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Uncertainty looms as America struggles to put Covid in rearview mirror

First Read is your briefing from "Meet the Press" and the NBC Political Unit on the day's most important political stories and why they matter.
A registered nurse administers a Covid-19 test to Blake Hardy at Sameday Testing on July 14, 2021, in Los Angeles.
A registered nurse administers a Covid-19 test to Blake Hardy at Sameday Testing on July 14, 2021, in Los Angeles.Mario Tama / Getty Images file

WASHINGTON — For the first time in Joe Biden’s presidency, the Covid-19 situation has gotten worse.

Confirmed cases and hospitalizations are on the rise. Daily vaccinations are down. Breakthrough infections are happening at the White House and on Capitol Hill. Masks and mask mandates are once again a topic of debate for schools.

And what it’s all done is create uncertainty — including political uncertainty — at a time when the expectation was that the pandemic was going to be in the nation’s rearview mirror.

What does it mean for a Republican Party given that this surge is coming primarily from red states and red counties — and after some GOP officials and conservative voices have peddled misinformation and distrust about vaccines? (Strikingly, we’re seeing some Republicans and conservatives change their tune, with House Minority Whip Steve Scalise saying he finally got vaccinated, and with Fox News’ Sean Hannity telling his audience to take Covid-19 seriously and believe in vaccines.)

What does it mean for a return to work, school and business as usual in America?

What does it mean for upcoming gubernatorial elections in California and Virginia, where progress against Covid-19 and a return to normalcy have been baked into political assumptions about those contests?

And what does it mean for President Biden, who has staked so much of his early presidency in defeating the coronavirus, who recently said “we’re closer than ever to declaring our independence from a deadly virus”?

Of course, it’s also possible that these rising cases and hospitalizations are just a temporary blip. Covid fatalities remain at lows. And vaccinated Americans remain well protected against serious harm and death.

But it’s also clear — now six months into Biden’s presidency — that the United States isn’t completely independent from the coronavirus.

Data Download: The numbers you need to know today

83 percent: The estimated share of Delta variant Covid-19 cases out of all new cases in America, per the CDC director.

1.5 years: The drop in U.S. life expectancy over the last year, thanks in large part to Covid-19 and drug overdose deaths.

50 years: How long it’s been since the Milwaukee Bucks won last won the NBA title.

1.2 million: The number of people displaced by massive floods in Zhengzhou, China.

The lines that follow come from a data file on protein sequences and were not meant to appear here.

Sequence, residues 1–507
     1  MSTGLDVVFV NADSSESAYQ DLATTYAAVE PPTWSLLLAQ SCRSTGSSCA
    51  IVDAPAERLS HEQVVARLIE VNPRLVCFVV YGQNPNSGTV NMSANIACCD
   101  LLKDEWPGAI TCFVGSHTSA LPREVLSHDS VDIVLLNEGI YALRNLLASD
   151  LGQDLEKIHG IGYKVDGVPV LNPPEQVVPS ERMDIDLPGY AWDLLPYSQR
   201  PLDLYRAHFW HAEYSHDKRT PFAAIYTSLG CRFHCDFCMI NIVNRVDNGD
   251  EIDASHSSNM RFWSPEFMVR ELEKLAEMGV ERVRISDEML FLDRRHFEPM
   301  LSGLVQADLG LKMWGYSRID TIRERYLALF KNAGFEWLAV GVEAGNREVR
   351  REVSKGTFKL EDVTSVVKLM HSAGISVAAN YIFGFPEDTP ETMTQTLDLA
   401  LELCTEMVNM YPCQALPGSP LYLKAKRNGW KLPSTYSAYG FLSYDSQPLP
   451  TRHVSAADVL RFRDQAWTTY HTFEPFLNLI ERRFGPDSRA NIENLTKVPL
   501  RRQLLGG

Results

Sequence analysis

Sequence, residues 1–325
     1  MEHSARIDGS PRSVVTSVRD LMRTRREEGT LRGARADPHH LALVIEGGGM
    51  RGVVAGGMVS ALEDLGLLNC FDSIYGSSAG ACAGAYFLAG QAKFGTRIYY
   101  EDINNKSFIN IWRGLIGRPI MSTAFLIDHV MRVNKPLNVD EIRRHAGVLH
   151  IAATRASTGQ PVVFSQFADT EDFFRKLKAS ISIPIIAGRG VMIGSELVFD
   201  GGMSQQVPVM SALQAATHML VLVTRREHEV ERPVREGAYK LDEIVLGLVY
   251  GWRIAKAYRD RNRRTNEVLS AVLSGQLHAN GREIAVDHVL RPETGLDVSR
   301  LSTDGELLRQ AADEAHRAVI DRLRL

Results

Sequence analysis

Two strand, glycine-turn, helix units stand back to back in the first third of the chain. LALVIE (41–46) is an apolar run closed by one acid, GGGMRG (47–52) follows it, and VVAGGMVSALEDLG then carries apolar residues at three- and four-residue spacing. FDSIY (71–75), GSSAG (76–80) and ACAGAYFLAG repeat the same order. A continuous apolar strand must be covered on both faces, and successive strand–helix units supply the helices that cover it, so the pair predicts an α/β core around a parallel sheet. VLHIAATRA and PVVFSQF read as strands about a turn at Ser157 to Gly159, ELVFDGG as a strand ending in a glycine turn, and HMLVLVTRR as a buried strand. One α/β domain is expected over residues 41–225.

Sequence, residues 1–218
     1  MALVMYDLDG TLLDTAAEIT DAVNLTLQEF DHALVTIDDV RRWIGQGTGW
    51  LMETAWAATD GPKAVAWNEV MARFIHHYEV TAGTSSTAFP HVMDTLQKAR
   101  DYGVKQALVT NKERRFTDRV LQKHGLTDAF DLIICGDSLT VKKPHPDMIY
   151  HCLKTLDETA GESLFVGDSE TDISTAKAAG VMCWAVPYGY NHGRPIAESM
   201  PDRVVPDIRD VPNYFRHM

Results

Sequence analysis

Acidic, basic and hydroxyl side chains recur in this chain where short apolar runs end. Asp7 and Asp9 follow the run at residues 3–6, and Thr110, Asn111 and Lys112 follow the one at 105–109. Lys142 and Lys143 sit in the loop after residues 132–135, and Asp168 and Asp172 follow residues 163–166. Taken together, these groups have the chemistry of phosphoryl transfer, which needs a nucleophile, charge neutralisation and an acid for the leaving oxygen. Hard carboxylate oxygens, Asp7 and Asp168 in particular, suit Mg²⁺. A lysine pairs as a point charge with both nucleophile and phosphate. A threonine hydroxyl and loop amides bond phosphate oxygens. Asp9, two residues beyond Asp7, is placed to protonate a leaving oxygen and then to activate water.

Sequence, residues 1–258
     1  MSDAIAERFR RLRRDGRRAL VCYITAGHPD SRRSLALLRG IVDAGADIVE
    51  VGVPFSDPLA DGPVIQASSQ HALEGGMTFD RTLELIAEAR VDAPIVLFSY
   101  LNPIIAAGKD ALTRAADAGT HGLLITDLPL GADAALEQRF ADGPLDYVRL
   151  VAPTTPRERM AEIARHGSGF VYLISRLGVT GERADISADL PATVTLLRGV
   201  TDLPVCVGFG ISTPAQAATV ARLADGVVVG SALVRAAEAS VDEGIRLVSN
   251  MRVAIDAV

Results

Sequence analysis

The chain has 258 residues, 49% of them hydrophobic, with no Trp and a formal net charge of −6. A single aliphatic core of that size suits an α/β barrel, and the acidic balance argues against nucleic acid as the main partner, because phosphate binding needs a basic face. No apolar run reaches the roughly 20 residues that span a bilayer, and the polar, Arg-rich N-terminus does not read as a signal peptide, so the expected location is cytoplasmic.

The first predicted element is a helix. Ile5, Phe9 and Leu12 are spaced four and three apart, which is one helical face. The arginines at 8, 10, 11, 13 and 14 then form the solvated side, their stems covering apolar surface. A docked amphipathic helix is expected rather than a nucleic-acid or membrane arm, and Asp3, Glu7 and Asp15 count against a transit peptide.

34,327,812: The number of confirmed cases of coronavirus in the United States, per the most recent data from NBC News and health officials. (That’s 68,726 more since yesterday.)

612,861: The number of deaths in the United States from the virus so far, per the most recent data from NBC News. (That’s 342 more since yesterday.)

338,491,374: The number of vaccine doses administered in the U.S., per the CDC. (That’s 243,940 since yesterday.)

48.7 percent: The share of all Americans who are fully vaccinated, per the CDC.

59.6 percent: The share of all American adults at least 18 years of age who are fully vaccinated, per CDC.

Tweet of the day

Today’s test vote on infrastructure

NBC’s Frank Thorp and NBC’s Capitol Hill team report that the U.S. Senate will vote around 3:00 p.m. ET on the procedural motion to move forward with the unfinished bipartisan infrastructure package.

That motion by Senate Majority Leader Chuck Schumer, which needs 60 votes to proceed, appears destined to fail in the face of potentially unanimous Republican opposition.

Republicans, per NBC’s Hill team, “are calling on Schumer to delay this vote until Monday of next week to give them the time they say they need to finish the package. Schumer appears to be ignoring those calls.”

Thorp reminds us: Today’s vote is not a vote on the bipartisan infrastructure package — it's a procedural vote to end debate on a motion to proceed to an unrelated House-passed bill that Schumer intends to use as a vehicle (or shell) to replace with the finished bipartisan package once it's done.

ICYMI: What else is happening in the world

Former President Trump’s inaugural committee chair has been charged with acting as an agent of the UAE, obstruction of justice and lying to law enforcement.

A federal judge has issued a preliminary injunction temporarily blocking new restrictions on abortion in Arkansas.

The Wall Street Journal reports the U.S. and Germany have agreed to a deal on the Russian Nord Stream 2 pipeline.

Wisconsin Lt. Gov. Mandela Barnes is the highest-profile Democrat running to dethrone GOP Sen. Ron Johnson.

An uptick in Covid-19 cases around the Capitol complex has some lawmakers worried.